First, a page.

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The importance of being an effective advocate for your child

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The importance of being an effective advocate for your child

Parents are the child’s first and best advocate. Advocacy is being able to speak, write, represent or act on your child’s behalf as they may not have the knowledge, skills or experience to advocate for themselves. Many professionals and agencies can help with advocacy activities; however, parents remain the central and most important support for their children.

Common concerns where parent advocacy can be very important are placements in special education, evaluation and assessment for health conditions, discipline issues, bullying, academic performance, discrimination of children in education streams in high-school, ESL learner challenges, child-protection issues and eligibility decisions for social services and disability supports.

Parents who learn to advocate on behalf of their children can work collaboratively and produce positive results that benefits the child, family and society. Children with parents who actively work with their school, health care providers or community agencies have shown progress and success in both educational and health outcomes.

For immigrant families, navigating an unfamiliar school or health system can be very challenging. Many immigrant children and families have traumatic experiences in their countries and continue to face uncertain and difficult circumstances as they integrate and settle. Parenting can be very difficult when you also have children who have special needs or other mental health challenges.

Additional barriers such as having to learn a new language, low digital literacy, poverty and discrimination can compound their stressors leaving them to fear that their children will be left behind, not receive equal opportunity or develop mental health problems. It can also be difficult for newcomers to access health care and other services that are linguistically and culturally appropriate. Gaps in programs and services can also have long-term effects on wellbeing of families. Strengthening and supporting families to advocate will ensure that systems and services are accountable and families receive quality care and service that is culturally-responsive to their needs.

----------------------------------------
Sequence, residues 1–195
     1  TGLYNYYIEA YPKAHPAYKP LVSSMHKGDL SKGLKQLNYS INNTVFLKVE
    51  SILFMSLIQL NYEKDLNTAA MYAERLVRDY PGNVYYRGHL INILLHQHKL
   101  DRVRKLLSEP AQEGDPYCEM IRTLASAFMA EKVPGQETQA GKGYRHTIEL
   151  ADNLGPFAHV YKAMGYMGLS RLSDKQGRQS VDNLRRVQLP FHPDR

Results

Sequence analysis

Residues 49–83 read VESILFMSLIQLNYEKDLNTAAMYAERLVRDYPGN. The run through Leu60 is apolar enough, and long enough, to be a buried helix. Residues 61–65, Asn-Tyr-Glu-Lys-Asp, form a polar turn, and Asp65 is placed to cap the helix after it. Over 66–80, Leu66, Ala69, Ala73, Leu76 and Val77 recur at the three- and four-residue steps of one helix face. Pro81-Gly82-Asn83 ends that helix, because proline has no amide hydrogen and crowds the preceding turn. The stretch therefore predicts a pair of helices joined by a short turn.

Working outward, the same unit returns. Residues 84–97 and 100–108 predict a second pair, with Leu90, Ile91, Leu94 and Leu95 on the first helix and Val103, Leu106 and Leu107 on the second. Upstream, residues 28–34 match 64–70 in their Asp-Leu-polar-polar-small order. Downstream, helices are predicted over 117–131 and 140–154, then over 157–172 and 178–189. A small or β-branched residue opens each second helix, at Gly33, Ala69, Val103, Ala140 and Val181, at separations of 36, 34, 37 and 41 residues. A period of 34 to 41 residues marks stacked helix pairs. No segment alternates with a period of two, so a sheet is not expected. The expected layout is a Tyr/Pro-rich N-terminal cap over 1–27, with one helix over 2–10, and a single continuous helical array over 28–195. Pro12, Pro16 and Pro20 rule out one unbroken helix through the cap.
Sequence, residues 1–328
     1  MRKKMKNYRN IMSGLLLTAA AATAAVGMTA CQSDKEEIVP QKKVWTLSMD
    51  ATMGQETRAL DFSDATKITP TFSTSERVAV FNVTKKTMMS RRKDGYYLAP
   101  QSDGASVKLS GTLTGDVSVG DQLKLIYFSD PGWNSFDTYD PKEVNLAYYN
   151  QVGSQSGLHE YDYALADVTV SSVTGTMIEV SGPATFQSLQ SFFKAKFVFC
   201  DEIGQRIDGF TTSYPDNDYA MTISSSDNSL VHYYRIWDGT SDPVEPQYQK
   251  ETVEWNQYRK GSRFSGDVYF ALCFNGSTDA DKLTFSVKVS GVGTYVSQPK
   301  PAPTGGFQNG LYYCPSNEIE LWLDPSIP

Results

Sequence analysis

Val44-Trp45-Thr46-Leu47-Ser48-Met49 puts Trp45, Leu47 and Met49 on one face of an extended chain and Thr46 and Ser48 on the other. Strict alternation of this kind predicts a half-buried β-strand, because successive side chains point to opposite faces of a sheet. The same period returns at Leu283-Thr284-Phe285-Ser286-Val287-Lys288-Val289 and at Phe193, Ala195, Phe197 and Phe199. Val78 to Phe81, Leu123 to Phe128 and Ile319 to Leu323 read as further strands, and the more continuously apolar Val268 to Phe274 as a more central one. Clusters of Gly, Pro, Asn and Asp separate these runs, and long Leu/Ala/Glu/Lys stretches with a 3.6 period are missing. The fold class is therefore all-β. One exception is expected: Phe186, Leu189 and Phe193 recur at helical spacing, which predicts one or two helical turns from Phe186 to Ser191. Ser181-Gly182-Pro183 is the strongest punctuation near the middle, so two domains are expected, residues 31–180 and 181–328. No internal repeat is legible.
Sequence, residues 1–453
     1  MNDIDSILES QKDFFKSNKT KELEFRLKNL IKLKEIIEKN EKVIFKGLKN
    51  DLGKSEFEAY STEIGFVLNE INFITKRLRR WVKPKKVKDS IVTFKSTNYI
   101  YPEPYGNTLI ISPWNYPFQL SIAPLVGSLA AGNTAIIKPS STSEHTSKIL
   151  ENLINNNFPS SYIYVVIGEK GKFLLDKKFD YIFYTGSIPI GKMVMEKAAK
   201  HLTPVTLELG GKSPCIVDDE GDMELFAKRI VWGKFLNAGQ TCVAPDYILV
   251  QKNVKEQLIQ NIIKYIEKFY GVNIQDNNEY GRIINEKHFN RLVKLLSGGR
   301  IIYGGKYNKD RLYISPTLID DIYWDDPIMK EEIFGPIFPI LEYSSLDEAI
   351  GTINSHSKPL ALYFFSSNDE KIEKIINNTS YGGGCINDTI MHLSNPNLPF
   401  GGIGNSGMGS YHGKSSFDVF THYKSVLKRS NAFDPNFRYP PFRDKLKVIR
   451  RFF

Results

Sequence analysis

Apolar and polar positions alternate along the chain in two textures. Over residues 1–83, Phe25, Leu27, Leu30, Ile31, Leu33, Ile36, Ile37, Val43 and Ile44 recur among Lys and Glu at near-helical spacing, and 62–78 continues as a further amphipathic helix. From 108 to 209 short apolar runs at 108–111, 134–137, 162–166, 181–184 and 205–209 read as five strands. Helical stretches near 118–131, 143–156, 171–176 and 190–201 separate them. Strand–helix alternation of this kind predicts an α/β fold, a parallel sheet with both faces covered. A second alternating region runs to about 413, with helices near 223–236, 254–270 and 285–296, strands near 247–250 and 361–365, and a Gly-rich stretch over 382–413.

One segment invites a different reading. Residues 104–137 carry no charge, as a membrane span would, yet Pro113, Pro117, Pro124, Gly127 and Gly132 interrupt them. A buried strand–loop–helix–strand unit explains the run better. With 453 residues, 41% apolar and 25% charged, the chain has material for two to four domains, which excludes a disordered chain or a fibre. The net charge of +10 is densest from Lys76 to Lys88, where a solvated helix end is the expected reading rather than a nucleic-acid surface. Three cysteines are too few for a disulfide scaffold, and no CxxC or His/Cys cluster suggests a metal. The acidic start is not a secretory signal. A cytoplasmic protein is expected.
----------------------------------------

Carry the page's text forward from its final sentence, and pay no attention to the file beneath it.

Here are 10 things parents can do to advocate for your child:

  1. Learn: Invest time in learning about systems, services, your rights, skills and mentorship programs: anything that can benefit your child
  2. Ask: Seek clarification, request summaries and document everything that happens at the parent-teacher meetings or with other professionals.
  3. Get organized: Sort and organize information, emails and documents by date and time to access easily when needed.
  4. Prepare: Develop goals that you would like to accomplish and prepare in advance so you can be focused in the meetings and get answers.
  5. Collaborate: Build strong relationships with professionals and teachers and show them that you value them and want to work with them.
  6. Be calm: There will be challenging situations and the recommendations may not be what you are expecting, but being polite and staying calm can help to strengthen relationships.
  7. Reach out: Join parent groups in school or organizations that are dedicated to improving lives of children. Approach community leaders to get involved and advocate for changes at a broader level.
  8. Get help: Faced with barriers, seek additional support from cultural interpreters, family, friends and resource persons in the community to make the process easier.
  9. Help your child: Help children, especially teenagers to stand up for themselves and offer your support.
  10. Be brave: Do not be afraid to disagree or seek support at higher levels as processes are in place for families to share their concerns.

There are several programs available (including one that I developed) that recognize advocacy as a critical skill for families. Learning about impact of self-advocacy, skills training and working with real-life scenarios can help see advocacy in action and the opportunities to create change both individually and also as a group.

Also, it is important to keep in mind that the COVID-19 situation could have presented families with unique challenges which might be overwhelming. This could include loss of employment and income, violence in families, racial injustice crises, new learning models and lack of traditional means of support for newcomer families and families with special needs. It is important to keep the needs of your child in mind and continue your involvement and advocacy to ensure the needs of your child even during these difficult times.

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